A good solution is to take a sheet or fleece sleeping bag liner, see below, and for my entire EBC trek in October this was all I used.
Sleeping bags are terribly bulky to carry and it’s a difficult decision to make, take one, or risk it? If I were heading to Nepal specifically to trek ( EBC, Thorong La, anywhere extreme) and buying and carrying gear wasn’t an issue, I would absolutely take my own, high-quality trekking sleeping bag. But for lower altitude hikes I maybe still wouldn’t bother and maybe just take a fleece liner ( below). If you’re going high look for a bag that is ultra-light ( the lightest mummy bag on the market is 1.9 pounds, but it isn’t 4 season), mummy ( to save bulk) with hood ( essential) and ideally down. It should be 4 season or suitable for below-freezing conditions. You’ll be looking for something like the bag below.
This bag’s little brother is the lightest on the market, but only takes you to 32F, not 15F. This one is heavier at 2.9 pounds to the Hyke and Byke Shavano’s 1.9 pounds, but you’re carrying extra warmth at under $40 extra cost. Check out the Hyke and Bike Quandary.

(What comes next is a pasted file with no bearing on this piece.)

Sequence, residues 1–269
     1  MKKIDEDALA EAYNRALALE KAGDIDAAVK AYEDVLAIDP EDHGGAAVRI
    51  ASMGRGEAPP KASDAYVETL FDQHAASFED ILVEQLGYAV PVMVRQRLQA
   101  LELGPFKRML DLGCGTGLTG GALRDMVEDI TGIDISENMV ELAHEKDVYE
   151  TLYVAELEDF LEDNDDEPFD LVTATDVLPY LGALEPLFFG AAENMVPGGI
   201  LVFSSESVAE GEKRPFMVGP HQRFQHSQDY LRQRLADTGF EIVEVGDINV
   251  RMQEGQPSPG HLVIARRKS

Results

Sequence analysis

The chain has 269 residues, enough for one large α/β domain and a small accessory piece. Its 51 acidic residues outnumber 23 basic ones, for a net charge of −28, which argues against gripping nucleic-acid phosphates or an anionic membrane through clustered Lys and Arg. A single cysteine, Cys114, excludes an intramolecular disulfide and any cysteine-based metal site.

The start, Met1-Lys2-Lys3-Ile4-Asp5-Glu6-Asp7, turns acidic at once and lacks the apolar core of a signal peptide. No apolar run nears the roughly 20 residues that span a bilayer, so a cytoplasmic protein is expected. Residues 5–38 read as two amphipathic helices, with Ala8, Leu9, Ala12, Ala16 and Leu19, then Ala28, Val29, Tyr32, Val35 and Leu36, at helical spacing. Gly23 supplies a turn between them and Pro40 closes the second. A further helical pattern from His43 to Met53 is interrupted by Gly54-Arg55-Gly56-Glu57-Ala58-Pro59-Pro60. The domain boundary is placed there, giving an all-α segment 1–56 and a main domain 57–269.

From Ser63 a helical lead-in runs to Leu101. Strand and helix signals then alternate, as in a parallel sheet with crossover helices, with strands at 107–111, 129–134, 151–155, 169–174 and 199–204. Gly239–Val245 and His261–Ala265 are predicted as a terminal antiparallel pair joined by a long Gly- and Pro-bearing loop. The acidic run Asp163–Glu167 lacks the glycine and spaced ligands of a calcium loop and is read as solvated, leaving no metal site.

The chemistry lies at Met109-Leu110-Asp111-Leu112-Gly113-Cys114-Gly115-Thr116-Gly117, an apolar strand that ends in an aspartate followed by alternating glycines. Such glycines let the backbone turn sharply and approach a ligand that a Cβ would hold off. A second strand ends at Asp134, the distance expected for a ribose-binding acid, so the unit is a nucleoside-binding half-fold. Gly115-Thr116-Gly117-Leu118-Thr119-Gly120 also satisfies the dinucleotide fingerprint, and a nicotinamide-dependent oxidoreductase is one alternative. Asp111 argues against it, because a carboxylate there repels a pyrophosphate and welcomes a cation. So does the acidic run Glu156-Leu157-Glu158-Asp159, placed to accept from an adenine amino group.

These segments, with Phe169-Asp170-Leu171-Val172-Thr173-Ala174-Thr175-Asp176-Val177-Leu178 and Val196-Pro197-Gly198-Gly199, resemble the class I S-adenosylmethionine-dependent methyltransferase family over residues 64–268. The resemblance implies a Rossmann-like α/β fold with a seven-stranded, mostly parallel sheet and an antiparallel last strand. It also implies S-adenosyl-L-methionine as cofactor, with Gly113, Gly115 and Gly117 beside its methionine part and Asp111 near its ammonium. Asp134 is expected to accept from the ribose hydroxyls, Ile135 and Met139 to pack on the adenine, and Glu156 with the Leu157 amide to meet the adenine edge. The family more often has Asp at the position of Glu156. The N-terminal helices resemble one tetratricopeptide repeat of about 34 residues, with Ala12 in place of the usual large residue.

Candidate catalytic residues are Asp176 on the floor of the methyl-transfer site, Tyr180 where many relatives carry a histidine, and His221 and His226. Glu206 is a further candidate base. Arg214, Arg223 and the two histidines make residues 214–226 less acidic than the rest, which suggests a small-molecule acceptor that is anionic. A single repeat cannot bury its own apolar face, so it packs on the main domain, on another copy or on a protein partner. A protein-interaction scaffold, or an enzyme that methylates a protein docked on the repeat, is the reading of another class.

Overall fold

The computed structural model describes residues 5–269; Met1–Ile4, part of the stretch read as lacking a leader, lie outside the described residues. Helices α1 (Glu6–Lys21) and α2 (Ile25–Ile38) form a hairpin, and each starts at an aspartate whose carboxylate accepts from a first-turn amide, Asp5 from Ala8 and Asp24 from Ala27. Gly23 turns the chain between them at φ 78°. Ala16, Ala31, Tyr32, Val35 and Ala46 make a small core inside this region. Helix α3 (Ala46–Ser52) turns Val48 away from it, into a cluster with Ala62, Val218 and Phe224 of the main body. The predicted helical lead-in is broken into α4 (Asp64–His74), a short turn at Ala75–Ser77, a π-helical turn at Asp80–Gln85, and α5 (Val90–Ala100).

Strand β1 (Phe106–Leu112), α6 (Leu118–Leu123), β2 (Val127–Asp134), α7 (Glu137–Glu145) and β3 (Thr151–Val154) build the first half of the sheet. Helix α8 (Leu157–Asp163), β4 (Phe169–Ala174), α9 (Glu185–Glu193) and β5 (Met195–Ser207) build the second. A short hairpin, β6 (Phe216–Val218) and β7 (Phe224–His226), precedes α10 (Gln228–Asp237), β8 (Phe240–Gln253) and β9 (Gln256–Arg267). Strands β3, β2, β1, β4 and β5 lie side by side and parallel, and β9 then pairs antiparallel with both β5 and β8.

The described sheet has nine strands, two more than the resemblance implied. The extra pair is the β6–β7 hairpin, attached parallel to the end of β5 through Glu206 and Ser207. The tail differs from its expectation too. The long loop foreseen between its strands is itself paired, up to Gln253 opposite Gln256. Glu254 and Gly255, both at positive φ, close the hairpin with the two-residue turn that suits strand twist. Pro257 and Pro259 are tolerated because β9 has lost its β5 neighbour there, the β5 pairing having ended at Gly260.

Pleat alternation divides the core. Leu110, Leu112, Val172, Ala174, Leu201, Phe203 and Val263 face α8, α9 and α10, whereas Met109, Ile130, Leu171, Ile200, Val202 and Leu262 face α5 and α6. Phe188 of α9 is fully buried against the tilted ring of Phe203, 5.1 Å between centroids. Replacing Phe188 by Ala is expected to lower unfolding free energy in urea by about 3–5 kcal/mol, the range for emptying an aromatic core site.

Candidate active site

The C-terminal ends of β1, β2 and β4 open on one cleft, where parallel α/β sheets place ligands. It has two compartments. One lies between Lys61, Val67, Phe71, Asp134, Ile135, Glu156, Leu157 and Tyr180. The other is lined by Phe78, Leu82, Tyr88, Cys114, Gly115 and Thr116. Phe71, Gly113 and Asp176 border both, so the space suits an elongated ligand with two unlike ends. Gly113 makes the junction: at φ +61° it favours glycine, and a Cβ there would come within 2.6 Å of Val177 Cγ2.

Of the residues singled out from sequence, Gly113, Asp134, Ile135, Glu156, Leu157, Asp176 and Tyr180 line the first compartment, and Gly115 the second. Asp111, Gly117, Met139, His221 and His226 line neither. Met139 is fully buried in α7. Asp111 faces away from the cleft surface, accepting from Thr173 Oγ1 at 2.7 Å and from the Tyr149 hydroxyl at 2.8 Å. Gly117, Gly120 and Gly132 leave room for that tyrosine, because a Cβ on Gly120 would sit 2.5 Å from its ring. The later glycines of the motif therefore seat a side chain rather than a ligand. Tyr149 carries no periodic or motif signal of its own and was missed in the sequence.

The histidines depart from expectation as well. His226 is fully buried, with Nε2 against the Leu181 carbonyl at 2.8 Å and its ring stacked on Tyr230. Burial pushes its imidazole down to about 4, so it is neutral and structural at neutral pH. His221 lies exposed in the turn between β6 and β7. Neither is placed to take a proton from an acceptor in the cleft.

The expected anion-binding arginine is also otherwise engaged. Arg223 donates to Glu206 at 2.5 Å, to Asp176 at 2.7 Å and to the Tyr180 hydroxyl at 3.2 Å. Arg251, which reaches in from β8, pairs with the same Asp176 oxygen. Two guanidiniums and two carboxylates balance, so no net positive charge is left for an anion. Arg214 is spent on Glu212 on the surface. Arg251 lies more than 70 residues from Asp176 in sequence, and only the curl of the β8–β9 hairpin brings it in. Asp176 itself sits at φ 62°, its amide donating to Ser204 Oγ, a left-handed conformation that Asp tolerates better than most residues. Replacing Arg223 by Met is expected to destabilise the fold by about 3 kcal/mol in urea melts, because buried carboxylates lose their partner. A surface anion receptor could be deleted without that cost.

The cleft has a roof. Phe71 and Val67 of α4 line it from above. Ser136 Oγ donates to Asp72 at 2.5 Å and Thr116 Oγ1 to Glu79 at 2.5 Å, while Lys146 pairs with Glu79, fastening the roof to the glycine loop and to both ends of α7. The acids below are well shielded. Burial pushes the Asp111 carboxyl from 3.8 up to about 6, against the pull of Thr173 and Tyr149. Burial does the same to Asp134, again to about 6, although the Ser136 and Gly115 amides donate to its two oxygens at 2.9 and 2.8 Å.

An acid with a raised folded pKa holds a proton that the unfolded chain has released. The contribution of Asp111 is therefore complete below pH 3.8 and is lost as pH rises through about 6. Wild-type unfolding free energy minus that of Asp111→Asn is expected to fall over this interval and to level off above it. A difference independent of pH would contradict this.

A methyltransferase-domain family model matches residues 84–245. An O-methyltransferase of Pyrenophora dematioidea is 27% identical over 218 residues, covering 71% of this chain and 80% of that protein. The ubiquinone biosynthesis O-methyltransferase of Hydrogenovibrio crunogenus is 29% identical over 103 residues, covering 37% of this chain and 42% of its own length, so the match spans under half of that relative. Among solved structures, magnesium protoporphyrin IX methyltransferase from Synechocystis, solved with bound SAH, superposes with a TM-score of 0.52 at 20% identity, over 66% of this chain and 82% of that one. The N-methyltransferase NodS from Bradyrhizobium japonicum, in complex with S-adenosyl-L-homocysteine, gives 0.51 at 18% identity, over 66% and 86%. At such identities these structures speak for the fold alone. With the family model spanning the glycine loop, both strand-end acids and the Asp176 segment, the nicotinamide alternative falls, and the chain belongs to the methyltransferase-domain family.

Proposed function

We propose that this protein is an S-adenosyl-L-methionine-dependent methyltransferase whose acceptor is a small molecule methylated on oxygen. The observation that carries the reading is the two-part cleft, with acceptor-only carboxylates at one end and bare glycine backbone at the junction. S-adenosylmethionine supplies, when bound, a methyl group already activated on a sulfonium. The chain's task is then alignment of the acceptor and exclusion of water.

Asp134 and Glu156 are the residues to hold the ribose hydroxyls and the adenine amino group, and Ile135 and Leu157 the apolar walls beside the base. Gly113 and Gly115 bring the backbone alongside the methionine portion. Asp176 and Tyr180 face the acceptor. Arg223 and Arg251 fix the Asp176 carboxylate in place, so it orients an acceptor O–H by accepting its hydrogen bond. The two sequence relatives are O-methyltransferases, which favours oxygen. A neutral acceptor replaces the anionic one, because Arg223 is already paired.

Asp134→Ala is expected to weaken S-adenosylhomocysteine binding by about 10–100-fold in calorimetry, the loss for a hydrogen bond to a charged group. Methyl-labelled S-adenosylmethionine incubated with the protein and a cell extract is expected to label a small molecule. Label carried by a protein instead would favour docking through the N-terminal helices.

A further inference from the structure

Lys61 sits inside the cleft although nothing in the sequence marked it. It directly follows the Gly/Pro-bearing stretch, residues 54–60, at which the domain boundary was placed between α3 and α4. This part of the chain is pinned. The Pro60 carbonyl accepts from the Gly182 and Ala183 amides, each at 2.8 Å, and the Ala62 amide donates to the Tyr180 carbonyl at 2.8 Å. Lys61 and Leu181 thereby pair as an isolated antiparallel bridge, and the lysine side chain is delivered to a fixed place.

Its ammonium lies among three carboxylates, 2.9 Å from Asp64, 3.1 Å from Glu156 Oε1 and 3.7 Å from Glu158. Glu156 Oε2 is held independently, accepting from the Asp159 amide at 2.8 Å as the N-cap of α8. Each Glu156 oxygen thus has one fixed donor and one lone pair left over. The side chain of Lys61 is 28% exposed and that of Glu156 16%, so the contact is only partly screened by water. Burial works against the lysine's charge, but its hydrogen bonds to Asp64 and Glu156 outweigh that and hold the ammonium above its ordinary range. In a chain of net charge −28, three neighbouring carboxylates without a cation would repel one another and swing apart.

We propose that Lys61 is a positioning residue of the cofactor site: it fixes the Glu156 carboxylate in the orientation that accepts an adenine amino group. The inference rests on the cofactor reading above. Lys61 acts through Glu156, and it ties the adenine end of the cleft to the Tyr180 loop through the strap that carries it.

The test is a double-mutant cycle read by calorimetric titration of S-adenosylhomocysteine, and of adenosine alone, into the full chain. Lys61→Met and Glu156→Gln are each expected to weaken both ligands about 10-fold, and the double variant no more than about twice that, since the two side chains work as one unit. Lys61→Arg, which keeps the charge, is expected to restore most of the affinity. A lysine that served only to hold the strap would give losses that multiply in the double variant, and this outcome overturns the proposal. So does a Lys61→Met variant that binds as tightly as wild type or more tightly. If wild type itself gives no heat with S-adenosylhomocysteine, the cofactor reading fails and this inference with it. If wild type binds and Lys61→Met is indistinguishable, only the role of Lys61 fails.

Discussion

Sheet Sleeping Bags and Sleeping Bag Liners
Sleeping bag liners, in cotton, silk or thermal materials are a very good travel investment. They’re not essential if you have your own sleeping bag, but if you plan on hiring a bag or not taking one at all, they’re gold.
TIP: Always go for mummy-shaped sleeping bags and liners to reduce bulk and weight.
The Sea to Summit Reactor Extreme ( above) claims to add up to 14C to a sleeping bag, is mummy shaped with box foot and drawstring hood ( you will need a hood or hat in bed) It weights under 350g.
As I said I did the Everest Base Camp Trek without a sleeping bag, just a liner. I’m not recommending it, just saying it’s possible. You will absolutely need a warm hat to wear in bed, there is no heating in the lodges. I was fine, but I’m used to cold climates.